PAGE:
Sipping a cup of tea ahead of his ‘In Conversation With’ event at Liverpool’s British Music Experience, Mark Radcliffe looks better than I’ve ever seen him, which is pretty amazing for somebody in remission from cancer.
“It’s almost like it happened to someone else now,” he tells me. “I think about it in a sense of being the best and the worst thing that happened to me because it’s made me appreciate life and I’m much healthier. I don’t eat the same crap, I don’t drink very much, I lost weight and I feel good and I feel happy.”
The award-winning radio presenter, musician and author is in a typically upbeat mood as we talk about his latest non-fiction work, ‘Crossroads – In Search of the Moments That Changed Music’.
The book is a journey through some of the most pivotal tracks in history and how the musicians who wrote them arrived at their own life-changing moments. It’s also something of a personal journey for Radcliffe who took the central theme from a milestone birthday trip to the USA.
Standing at the very junction in Clarksdale, Mississippi, where American blues guitarist Robert Johnson is said to have met the devil, Radcliffe found himself facing his own crossroads. Aged 60, he had just mourned the death of his father, only to be handed a diagnosis of mouth and throat cancer.
“In the context of the crossroads, things feed in and a lot of other different things feed out, so for me, it was never my intention to have cancer,” he says. “I think that what I was trying to write was a book about embracing misfortune. Accidents, unexpected events; thing like that happen that you don’t expect and don’t want, and yet there’s a positive route out of all those crossroads.”
My favourite chapters in ‘Crossroads’ cover the origins of ‘Smells Like Teen Spirit’, Donna Summer’s orgasmic vocals and how The Beatles were the true pioneers of feedback. I tell Mark that I think it’s a great read; very funny and informative, without being too nerdy.
“What I really wanted to do was not write a book for people who are real musos,” he laughs. “I think when you’re writing a book like this it’s much better if people have heard the music.
“At first I wasn’t going to put the Beatles in, just because so much has been written about them already and how do you pick their ‘moment’? That chapter is about the first six seconds of ‘I Feel Fine’, which has strange noises and feedback before the main song kicks in.
“They left those notes on, so it’s the first instance of recorded feedback. It’s almost like the road to Sgt. Pepper starts there. It’s a tiny glimpse early on that The Beatles are clearly going to be more than a pop group. They’ve got more sonic adventures in them and that six seconds before the song starts identifies the Beatles as pioneers of experimental rock.”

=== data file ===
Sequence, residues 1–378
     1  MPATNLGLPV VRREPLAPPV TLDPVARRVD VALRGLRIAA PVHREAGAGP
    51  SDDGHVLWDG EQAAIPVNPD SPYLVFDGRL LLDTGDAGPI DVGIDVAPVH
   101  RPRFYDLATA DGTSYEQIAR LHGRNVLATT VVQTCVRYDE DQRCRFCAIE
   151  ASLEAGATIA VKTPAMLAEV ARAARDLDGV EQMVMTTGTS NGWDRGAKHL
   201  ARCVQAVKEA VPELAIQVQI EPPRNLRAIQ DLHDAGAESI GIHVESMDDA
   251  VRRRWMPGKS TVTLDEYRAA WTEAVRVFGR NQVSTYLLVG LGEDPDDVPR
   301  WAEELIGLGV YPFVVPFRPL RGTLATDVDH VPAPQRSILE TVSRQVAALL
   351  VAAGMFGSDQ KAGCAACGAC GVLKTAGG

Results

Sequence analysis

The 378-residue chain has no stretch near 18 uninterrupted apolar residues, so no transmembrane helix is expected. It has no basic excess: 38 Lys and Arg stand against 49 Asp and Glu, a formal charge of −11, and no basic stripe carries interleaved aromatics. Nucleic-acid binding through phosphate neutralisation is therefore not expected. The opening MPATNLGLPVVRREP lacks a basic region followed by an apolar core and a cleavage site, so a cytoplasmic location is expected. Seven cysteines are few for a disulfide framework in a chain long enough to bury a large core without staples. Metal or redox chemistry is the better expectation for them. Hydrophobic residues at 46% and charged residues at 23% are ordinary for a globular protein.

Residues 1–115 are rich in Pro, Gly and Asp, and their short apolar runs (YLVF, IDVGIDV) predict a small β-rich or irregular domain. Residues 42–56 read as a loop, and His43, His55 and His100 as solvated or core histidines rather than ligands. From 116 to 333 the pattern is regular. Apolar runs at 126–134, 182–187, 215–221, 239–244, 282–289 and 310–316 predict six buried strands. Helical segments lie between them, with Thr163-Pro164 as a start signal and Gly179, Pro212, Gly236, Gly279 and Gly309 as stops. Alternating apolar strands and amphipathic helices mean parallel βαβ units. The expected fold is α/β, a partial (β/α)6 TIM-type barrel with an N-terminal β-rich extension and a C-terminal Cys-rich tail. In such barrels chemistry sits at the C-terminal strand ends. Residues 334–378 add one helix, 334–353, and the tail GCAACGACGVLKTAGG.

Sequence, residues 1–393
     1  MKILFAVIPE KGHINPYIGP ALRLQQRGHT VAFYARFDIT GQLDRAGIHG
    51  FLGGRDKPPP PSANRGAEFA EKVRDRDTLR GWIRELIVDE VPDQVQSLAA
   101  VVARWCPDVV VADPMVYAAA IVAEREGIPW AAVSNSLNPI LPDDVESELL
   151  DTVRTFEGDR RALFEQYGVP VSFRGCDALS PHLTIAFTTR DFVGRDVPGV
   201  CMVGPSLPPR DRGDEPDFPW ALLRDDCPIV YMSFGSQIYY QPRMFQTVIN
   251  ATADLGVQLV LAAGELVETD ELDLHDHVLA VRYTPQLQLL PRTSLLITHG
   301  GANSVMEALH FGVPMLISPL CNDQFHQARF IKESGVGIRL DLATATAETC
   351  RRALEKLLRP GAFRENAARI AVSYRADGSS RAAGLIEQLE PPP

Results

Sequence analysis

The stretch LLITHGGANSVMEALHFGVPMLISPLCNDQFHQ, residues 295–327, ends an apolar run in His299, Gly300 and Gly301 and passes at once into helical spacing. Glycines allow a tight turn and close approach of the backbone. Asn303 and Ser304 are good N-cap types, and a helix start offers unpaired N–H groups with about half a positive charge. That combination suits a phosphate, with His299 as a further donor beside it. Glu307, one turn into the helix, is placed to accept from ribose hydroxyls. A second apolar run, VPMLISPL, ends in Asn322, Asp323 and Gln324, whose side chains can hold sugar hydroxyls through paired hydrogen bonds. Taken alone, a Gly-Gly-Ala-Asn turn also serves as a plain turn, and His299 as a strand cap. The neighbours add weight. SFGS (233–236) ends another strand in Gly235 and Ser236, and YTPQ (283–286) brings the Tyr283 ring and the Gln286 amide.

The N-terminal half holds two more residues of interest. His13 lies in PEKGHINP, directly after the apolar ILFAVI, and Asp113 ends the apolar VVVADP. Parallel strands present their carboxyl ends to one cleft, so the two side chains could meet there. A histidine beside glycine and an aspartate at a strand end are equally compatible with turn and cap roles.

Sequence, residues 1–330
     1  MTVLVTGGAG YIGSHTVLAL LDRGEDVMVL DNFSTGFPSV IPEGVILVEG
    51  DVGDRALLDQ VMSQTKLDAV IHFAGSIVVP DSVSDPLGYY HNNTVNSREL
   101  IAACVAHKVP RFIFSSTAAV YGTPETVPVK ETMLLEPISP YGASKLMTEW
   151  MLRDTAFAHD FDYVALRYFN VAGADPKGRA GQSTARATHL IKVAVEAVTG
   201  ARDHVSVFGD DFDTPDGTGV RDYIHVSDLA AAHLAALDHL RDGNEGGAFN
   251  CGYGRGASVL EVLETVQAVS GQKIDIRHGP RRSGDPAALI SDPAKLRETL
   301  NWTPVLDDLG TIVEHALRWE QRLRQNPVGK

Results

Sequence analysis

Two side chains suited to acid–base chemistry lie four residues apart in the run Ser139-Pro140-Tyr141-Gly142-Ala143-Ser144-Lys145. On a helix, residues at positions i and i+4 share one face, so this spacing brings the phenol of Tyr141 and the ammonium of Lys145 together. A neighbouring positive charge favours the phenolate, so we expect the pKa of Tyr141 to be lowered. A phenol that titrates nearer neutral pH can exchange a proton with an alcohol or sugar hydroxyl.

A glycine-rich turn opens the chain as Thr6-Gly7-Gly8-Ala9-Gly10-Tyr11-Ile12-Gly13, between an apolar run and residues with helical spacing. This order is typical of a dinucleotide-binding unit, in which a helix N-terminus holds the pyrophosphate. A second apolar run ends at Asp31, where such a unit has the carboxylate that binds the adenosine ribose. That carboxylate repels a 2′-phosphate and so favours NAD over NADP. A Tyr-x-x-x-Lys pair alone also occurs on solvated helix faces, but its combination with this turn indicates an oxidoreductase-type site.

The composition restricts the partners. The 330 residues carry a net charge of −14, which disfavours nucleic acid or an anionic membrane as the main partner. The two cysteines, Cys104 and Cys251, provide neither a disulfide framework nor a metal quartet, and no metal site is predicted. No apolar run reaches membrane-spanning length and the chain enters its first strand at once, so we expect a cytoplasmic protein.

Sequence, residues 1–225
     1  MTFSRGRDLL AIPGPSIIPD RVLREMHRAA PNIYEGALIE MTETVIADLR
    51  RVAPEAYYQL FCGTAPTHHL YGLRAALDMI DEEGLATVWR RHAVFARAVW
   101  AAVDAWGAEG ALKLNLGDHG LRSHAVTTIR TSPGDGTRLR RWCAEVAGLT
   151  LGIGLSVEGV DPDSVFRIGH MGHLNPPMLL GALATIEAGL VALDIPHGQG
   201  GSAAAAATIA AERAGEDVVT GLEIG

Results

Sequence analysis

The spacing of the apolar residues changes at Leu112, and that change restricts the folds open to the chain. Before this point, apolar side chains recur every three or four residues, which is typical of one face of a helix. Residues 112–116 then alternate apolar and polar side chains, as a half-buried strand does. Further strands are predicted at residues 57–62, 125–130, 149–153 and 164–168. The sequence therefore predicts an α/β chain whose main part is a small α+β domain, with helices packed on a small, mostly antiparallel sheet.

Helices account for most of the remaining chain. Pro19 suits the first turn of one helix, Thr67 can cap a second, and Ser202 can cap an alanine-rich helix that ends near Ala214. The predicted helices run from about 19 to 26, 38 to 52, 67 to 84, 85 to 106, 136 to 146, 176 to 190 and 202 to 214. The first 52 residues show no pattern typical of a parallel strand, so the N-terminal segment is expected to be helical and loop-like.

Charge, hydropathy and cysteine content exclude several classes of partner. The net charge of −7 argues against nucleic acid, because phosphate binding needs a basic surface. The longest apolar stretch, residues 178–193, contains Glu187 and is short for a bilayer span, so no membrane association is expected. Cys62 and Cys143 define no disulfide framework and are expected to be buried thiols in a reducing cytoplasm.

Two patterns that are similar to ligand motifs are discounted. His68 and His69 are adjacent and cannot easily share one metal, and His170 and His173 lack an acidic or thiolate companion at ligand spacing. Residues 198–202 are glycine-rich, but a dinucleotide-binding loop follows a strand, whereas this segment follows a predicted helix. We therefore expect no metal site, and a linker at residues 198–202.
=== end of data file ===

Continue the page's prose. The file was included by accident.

The Quarrymen and the Cavern Club also get a mention in ‘Crossroads’, but Radcliffe tells me that his real connection with Liverpool’s music scene started with punk.
“We used to come over to Eric’s and then eventually I got to know Roger Eagle who came to Manchester to do the International Club. At Eric’s, I can remember seeing the Flamin’ Groovies and Johnny Thunders & the Heartbreakers. It was a big thing for punk and even though we had Rafters and the Electric Circus in Manchester, you still used to come to Eric’s.”
This is Radcliffe’s fifth book but he is probably most famous for a prestigious radio career and was recently named as one of Britain’s all-time top broadcasters. Many will remember him and Mark ‘Lard’ Riley from Radio 1 and I think my own ‘crossroads’ moment came when I heard the music of Elliot Smith for the first time on their afternoon show.
“We really wanted to create our own world with a radio show, we wanted to make it different to anyone else and we did that for better or worse. Certainly for worse on the Breakfast Show,” he laughs. “I know that I’ve done a lot of radio programmes for many years and I’ve been there throughout a lot of people growing up. I feel really proud of all that stuff that made an impact on people’s lives.”
Currently, you’ll find Mark Radcliffe on Six Music and Radio 2 and in October he hosted the UK’s first official folk album chart, topped by Liverpool’s very own Jamie Webster.
“If we’d done the first folk album chart and the first thing was the reissue of ‘Liege & Lief’ by Fairport Convention or Shirley Collins new record that would be great, but the fact that it was someone new and young was good because it reinforces that folk music isn’t a museum piece, it’s a living breathing thing,” he says. “Someone like Jamie, who is catching the lives of people in Liverpool as they are now and reaching an audience and hitting home, that struck me as a really good thing.
“‘Crossroads’ is a very optimistic book and I think that more than ever now, we have to embrace change. I’m a firm believer in understanding that nothing lasts forever. You have to be proud and fond of the past but keep looking and moving forward.”
‘Crossroads – In Search of the Moments That Changed Music’ is out now in paperback, hardback and Ebook.
Vicky M Andrews
Feature Image Credit: Katie Huckstep